There is a Hungarian slang expression: "there is gas" (gáz van). It means there is big trouble. The big trouble now is that there is no gas. That is, there is no gas coming from Russia via Ukraine. Of course, the trouble would be greater if Hungary didn't have enough reserves to survive for at least two more months. Other countries–Bulgaria, Slovakia, and Serbia, for example–are in much bigger trouble because they have practically no reserves. Serbia already turned to Hungary yesterday for help. The initial Hungarian answer was negative, but by today the Hungarian government decided that after all it could spare a couple of billion m³ of gas because yesterday Hungarian consumption was lower than expected. Also Hungary has some natural gas of its own and a smaller amount reaches the country from Austria as well. Thus while Bulgaria and Slovakia are entirely dependent on Russian gas, Hungary relies on Russian gas for somewhere between 50% and 75% of its needs. Today, for example, 4 billion m³ gas arrived from Austria. The problem is that countries in Eastern Europe that depend on Russian gas can't really help each other because there are no pipelines between Romania and Bulgaria, or Hungary and Slovakia, or Romania and Hungary.
No one knows what the real situation is between the warring business partners, Russia and Ukraine. If one can believe the Russian ambassador to Hungary, there are four "faucets" that can be turned on or off. Three of these were shut off by Ukraine yesterday morning and only then did Russia move to shut off the one remaining "faucet." The Ukrainians' version of events, not surprisingly, is different. They claim that they would be most willing to send on any natural gas that arrives in their pipelines. But there is none. The Russians have shut off the flow of gas.
Then there are the two entirely different interpretations of the Russian-Ukrainian feud. There are those who claim that it is simply a business quarrel while others think that it is fundamentally a political issue. Russia is putting economic pressure on Ukraine to keep it within the fold. Ukraine, on the other hand, is looking westward; it wants to belong to NATO and eventually to the European Union. A Hungarian political scientist currently in Kiev views the crisis solely in political terms, a manifestation of Russia's imperial aspirations. Even the Russian ambassador to Hungary admitted that Russia is unhappy with Ukrainian political ambitions. I'm inclined to think that Russia's dispute with Ukraine is not solely economic. Russia's loss of Ukraine must still be hard to swallow. After all, with the exception of a very brief period after World War I when Ukraine became independent, it was an integral part of Russia for over three centuries. Also there is a huge Russian population within Ukraine's borders.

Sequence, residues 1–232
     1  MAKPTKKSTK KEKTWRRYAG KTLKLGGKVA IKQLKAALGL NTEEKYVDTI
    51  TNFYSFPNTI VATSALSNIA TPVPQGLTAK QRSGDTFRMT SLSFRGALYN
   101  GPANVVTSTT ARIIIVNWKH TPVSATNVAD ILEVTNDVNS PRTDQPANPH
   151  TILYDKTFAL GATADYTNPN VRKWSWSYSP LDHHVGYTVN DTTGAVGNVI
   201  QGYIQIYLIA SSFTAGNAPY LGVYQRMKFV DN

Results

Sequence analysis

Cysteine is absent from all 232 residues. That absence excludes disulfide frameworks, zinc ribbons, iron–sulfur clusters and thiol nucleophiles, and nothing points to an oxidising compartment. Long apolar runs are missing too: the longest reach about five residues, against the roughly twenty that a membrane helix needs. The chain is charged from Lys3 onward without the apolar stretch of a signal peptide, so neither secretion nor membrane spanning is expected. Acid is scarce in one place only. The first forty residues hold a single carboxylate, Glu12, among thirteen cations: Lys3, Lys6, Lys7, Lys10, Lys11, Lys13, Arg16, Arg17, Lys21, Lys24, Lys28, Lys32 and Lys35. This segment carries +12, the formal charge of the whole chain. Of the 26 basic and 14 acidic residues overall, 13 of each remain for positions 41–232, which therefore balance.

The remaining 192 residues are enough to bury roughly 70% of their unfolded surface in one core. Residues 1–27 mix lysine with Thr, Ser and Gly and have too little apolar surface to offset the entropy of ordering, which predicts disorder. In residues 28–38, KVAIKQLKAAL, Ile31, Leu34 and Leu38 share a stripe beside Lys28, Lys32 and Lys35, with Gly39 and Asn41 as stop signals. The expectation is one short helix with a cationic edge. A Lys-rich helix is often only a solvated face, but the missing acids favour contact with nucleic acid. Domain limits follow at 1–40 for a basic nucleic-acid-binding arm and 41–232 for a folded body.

This morning Vladimir Putin gave a press conference in which he denied that Russia was using natural gas as either a political or an economic weapon. It is business, pure and simple. According to Putin the international price of 1,000 m³ of natural gas currently is $470. The transit cost of 1,000 m³ of gas per 100 km is $3-$4. Since the natural gas that goes to the Ukrainian pipelines comes from Central Siberia the transit cost is high–$375 per 1,000 m³. Ukraine simply refuses to pay a decent price for the gas. According to Putin, since the fall of the Soviet Union and with it Ukraine's independence, Russia has supported Ukraine by selling it gas below the international price. He estimated that Russia has lost $43 billion through this "subsidy".
Ukraine cannot emerge from this mess a winner. Russia has already started to build new pipelines. Putin emphasized that the Northern Stream under the Baltic Sea is of great importance to Russia and Germany. The Southern Stream is also under construction. But analysts claim that Russia is also shortsighted because Russia's economy is overly dependent on its natural resources. The two recent disruptions in the natural gas supply to Europe will surely prompt the European Union to rethink its reliance on Russian natural gas. Building, for example, the Nabucco pipeline. Or promoting alternative sources of energy. And coming up with a unified energy policy as opposed to the current situation where there is no cooperation among the countries of the European Union.
In 2006 there was a similar crisis. At that time there was a proposal that the European Union should act as an intermediary between the two countries. Nothing came of it; Russia and Ukraine resolved their differences in relatively short order. Two years later the crisis is repeated, with no quick end in sight. This time it seems that the European Union is ready to assume an active role in resolving the crisis. Hungary and perhaps some of the other countries affected approached the EU and asked for diplomatic help. The representatives of Gazprom and Naftogaz arrived in Brussels, and apparently they agreed to accept EU observers on the spot who could help resolve the dispute between the two countries. The head of Gazprom, Aleksei Miller, announced that if the observers could travel to the Russian-Ukrainian frontier immediately the "faucets" could be open tomorrow. Ah, but the European Union can't move that fast. All members must agree. Who knows when Russian natural gas will flow again to Bulgaria, Romania, Slovakia, and Hungary.